The caper: reader as observer/”participant”

• In the subclass of crime novel called “the caper”, the plot entails an illegal undertaking (usually a theft of money, jewels, or rare artifacts—or feasibly an assassination or act of sabotage) organized and planned by a group of conspirators each of whom has a specialized role to play in the enterprise. By the author’s focusing on the personalities of the conspirators and largely adopting their point of view, the criminals become the story’s collective protagonist. The reader is thereby led to identify with them and take an interest in the outcome of their enterprise. To that extent, the reader is not only an observer of the action as it develops, but also a vicarious “participant” in the scheme. Suspense arises from readers’ (a) not knowing whether the undertaking will succeed, and (b) (through having “participated” in the planning of its stages) being aware, in a general sense, of what might go wrong. As the action unfolds, readers’ suspense is intensified as complications aggregate—setbacks, unforeseen accidents, miscues, stumbling blocks, and interpersonal squabbles—that threaten to disrupt the caper or defeat it altogether. (This tendency of well-laid plans to go astray has frequently led caper novelists to invest their stories with irony and humor. But even farce can be productive of Suspense. On the other hand, some capers are deadly serious; and one type of suspense these generate is anticipatory dread.)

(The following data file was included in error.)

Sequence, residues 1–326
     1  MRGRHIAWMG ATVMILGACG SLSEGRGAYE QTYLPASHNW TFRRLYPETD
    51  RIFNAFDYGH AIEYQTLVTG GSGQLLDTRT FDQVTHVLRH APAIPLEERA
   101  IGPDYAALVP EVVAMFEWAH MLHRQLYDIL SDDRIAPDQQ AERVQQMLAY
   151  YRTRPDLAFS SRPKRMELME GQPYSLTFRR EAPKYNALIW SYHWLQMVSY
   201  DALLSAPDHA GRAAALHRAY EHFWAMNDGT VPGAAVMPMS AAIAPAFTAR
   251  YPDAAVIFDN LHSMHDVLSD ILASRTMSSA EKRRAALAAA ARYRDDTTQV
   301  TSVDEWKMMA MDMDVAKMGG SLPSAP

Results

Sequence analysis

Coming up:


• Cliffhangers
• Solution of problem or puzzle (perhaps against a deadline of some sort), or the cracking of a “code” (can it be done? It better be!)
• Danger to be faced or escaped from
• Interaction of characters (competition, misunderstanding, hostility, love relation, distrust, deceit, betrayal)
• Action or event (the chase, the pursuit, a coming assassination, will they find the child in time?, etc.)
• Sequence of connected events (the domino effect) which (perhaps) can be partially foreseen
• Foreshadowing (perhaps in dialogue): giving the reader something to anticipate
• The progress of misunderstanding or crucial revelations within dialogue
• Reader’s knowledge of something unknown to the detective: “Don’t open that closet!” (Not available in 1st. person)


• Verbal choices by the author
• Narrative pacing
• Withholding of information (from reader or protagonist)
• Setting, locale, atmosphere (Dartmoor, Vienna 1882, Mexico, a large hotel, a ski resort, a morgue)
• Isolation (mountain cabin in blizzard, secluded island with no helicopter or telephone, a dark cellar (“No one will hear your screams.”)



Point of view (1st, 2nd, 3rd limited, 3rd omniscient narrator) and how each can or cannot generate certain types of Suspense

Multiple points of view to tell the story

The unreliable or untrustworthy first person narrator

The frame narrative (first or third person)

The first-person narrator an observer/sidekick/companion of the detective protagonist

Ways of withholding information (to increase Suspense and trigger Surprise)



Playing fair with readers’ needs and expectations

Jokes as creators of Suspense (an analogy with mystery-writing)

Copyright © Robert D. Sutherland, 2009